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Student Attains Goal

Anthony Moore, wheelchair-bound student
Published: Wednesday, June 20th, 2018

Coming Back to School Has Proven both Challenging and Rewarding.

The summer after his graduation from North High School in Wichita, Anthony Moore thought he was on top of the world. He had landed a good job, had great friends and was excited to start making money. And then --- his world turned upside down. Moore was in a car accident that left him paralyzed and in a wheel chair.

“I made a bad choice by not wearing my seat belt,” Moore said.  “I was pretty hard-headed and immature. Being disabled slowed me down and helped me mature.”

Moore spent years in rehabilitation and was not sure what his next goal should be. He had lost the use of his right leg and hand. School never came easy to him, so he did not plan to attend college. Then he saw his brother go to college and succeed. Moore decided to give school a try.

“College really opened my eyes to the world,” said Moore, now 29. “It definitely opened employment doors for me.”

Moore graduated with a liberal arts associate degree this spring and hopes to give back to the community. His dream is to help youth that are less likely to succeed. After graduation, Moore was hired as a youth care worker. Eventually, he would also like to be a substitute teacher in the Wichita School District and continue to help teens.

“I want to tell kids about their future and that education is important,” Moore said.

Moore still keeps in touch with several of his high school teachers and understands the power of encouragement and having a positive role model.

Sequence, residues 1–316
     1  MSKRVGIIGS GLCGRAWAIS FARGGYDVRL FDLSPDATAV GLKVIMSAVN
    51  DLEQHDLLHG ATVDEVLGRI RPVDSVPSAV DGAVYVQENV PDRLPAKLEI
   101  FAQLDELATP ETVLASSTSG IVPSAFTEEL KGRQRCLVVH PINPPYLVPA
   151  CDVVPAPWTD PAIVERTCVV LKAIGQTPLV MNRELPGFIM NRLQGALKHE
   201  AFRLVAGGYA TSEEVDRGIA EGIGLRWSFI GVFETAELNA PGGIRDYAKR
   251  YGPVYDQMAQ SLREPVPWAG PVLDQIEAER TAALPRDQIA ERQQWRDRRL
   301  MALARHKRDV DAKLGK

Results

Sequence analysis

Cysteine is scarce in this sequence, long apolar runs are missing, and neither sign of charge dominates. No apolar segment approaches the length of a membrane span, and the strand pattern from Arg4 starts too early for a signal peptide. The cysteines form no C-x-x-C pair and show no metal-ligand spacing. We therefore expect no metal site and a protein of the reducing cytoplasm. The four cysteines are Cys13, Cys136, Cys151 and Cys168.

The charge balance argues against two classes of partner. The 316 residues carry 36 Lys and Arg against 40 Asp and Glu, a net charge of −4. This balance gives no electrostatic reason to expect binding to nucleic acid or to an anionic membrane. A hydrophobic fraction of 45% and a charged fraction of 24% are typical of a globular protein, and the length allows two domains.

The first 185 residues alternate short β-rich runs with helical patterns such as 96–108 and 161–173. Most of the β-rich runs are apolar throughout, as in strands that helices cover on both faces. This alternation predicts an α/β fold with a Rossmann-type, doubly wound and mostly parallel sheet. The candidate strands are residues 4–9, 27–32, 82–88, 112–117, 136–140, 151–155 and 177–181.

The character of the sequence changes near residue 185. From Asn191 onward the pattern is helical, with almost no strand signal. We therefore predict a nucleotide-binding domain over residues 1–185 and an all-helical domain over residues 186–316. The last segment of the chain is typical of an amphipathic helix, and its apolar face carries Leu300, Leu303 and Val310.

“Anthony is such an inspirational student,” Butler professor Andrea Scharenberg said. “He is extremely positive, helpful and a hard worker. He works so hard in class.”

While in school, Moore took a fitness class and built up his leg muscles, helping him to bear a small amount of weight on his weak right leg. After that class, Moore said his leg became stronger. At graduation, with the help of a walker and cheers from the crowd, Moore walked a few feet on stage and received his diploma. Moore is also proud of his ability to learn and grasp concepts.

“His thinking has developed and focused. I’m proud of what he has accomplished,” said professor Randy Bush, Ph.D. “He is good natured and he has a good sense of humor.”

Nowadays, Moore has realized that humor is his best medicine. “I can always find the good in everything,” he said. “It’s not about what you want to do, it’s about what you have to do.”